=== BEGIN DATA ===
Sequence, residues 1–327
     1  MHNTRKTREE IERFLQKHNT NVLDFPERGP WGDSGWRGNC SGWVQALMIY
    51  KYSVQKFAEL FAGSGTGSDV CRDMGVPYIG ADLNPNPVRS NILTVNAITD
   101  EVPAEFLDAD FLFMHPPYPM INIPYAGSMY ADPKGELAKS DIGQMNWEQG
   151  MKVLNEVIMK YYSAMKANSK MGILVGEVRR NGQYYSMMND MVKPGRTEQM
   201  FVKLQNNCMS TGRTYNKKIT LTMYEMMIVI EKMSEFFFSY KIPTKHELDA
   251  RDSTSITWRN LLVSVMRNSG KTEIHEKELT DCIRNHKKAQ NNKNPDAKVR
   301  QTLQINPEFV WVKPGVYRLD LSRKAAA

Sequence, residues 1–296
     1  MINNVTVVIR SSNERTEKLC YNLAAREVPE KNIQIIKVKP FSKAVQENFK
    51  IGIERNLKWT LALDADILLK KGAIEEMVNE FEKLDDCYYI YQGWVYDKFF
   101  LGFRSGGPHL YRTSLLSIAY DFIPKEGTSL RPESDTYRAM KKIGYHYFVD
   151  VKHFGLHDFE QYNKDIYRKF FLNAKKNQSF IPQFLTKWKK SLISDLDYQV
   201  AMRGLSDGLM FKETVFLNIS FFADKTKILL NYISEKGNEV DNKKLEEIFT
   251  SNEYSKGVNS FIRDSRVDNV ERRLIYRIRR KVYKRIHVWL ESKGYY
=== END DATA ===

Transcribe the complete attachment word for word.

Sequence, residues 1–327
     1  MHNTRKTREE IERFLQKHNT NVLDFPERGP WGDSGWRGNC SGWVQALMIY
    51  KYSVQKFAEL FAGSGTGSDV CRDMGVPYIG ADLNPNPVRS NILTVNAITD
   101  EVPAEFLDAD FLFMHPPYPM INIPYAGSMY ADPKGELAKS DIGQMNWEQG
   151  MKVLNEVIMK YYSAMKANSK MGILVGEVRR NGQYYSMMND MVKPGRTEQM
   201  FVKLQNNCMS TGRTYNKKIT LTMYEMMIVI EKMSEFFFSY KIPTKHELDA
   251  RDSTSITWRN LLVSVMRNSG KTEIHEKELT DCIRNHKKAQ NNKNPDAKVR
   301  QTLQINPEFV WVKPGVYRLD LSRKAAA

Sequence, residues 1–296
     1  MINNVTVVIR SSNERTEKLC YNLAAREVPE KNIQIIKVKP FSKAVQENFK
    51  IGIERNLKWT LALDADILLK KGAIEEMVNE FEKLDDCYYI YQGWVYDKFF
   101  LGFRSGGPHL YRTSLLSIAY DFIPKEGTSL RPESDTYRAM KKIGYHYFVD
   151  VKHFGLHDFE QYNKDIYRKF FLNAKKNQSF IPQFLTKWKK SLISDLDYQV
   201  AMRGLSDGLM FKETVFLNIS FFADKTKILL NYISEKGNEV DNKKLEEIFT
   251  SNEYSKGVNS FIRDSRVDNV ERRLIYRIRR KVYKRIHVWL ESKGYY